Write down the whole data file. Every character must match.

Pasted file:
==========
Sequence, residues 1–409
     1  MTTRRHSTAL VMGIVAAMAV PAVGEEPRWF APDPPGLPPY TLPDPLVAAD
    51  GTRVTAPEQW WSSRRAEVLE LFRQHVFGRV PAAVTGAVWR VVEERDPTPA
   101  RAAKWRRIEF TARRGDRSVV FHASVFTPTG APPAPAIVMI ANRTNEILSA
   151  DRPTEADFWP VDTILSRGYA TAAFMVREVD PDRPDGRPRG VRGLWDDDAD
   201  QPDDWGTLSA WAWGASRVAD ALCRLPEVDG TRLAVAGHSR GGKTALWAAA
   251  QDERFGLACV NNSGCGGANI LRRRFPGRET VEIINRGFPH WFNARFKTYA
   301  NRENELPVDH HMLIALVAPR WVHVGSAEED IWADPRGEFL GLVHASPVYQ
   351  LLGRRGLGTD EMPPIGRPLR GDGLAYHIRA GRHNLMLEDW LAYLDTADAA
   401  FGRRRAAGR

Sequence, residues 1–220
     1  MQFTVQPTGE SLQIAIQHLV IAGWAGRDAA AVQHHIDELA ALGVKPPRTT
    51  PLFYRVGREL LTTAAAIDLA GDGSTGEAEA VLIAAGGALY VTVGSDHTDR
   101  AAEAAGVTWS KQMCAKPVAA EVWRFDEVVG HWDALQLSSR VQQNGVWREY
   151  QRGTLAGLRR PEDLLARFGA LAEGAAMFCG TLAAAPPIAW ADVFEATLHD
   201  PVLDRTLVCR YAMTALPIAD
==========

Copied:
Sequence, residues 1–409
     1  MTTRRHSTAL VMGIVAAMAV PAVGEEPRWF APDPPGLPPY TLPDPLVAAD
    51  GTRVTAPEQW WSSRRAEVLE LFRQHVFGRV PAAVTGAVWR VVEERDPTPA
   101  RAAKWRRIEF TARRGDRSVV FHASVFTPTG APPAPAIVMI ANRTNEILSA
   151  DRPTEADFWP VDTILSRGYA TAAFMVREVD PDRPDGRPRG VRGLWDDDAD
   201  QPDDWGTLSA WAWGASRVAD ALCRLPEVDG TRLAVAGHSR GGKTALWAAA
   251  QDERFGLACV NNSGCGGANI LRRRFPGRET VEIINRGFPH WFNARFKTYA
   301  NRENELPVDH HMLIALVAPR WVHVGSAEED IWADPRGEFL GLVHASPVYQ
   351  LLGRRGLGTD EMPPIGRPLR GDGLAYHIRA GRHNLMLEDW LAYLDTADAA
   401  FGRRRAAGR

Sequence, residues 1–220
     1  MQFTVQPTGE SLQIAIQHLV IAGWAGRDAA AVQHHIDELA ALGVKPPRTT
    51  PLFYRVGREL LTTAAAIDLA GDGSTGEAEA VLIAAGGALY VTVGSDHTDR
   101  AAEAAGVTWS KQMCAKPVAA EVWRFDEVVG HWDALQLSSR VQQNGVWREY
   151  QRGTLAGLRR PEDLLARFGA LAEGAAMFCG TLAAAPPIAW ADVFEATLHD
   201  PVLDRTLVCR YAMTALPIAD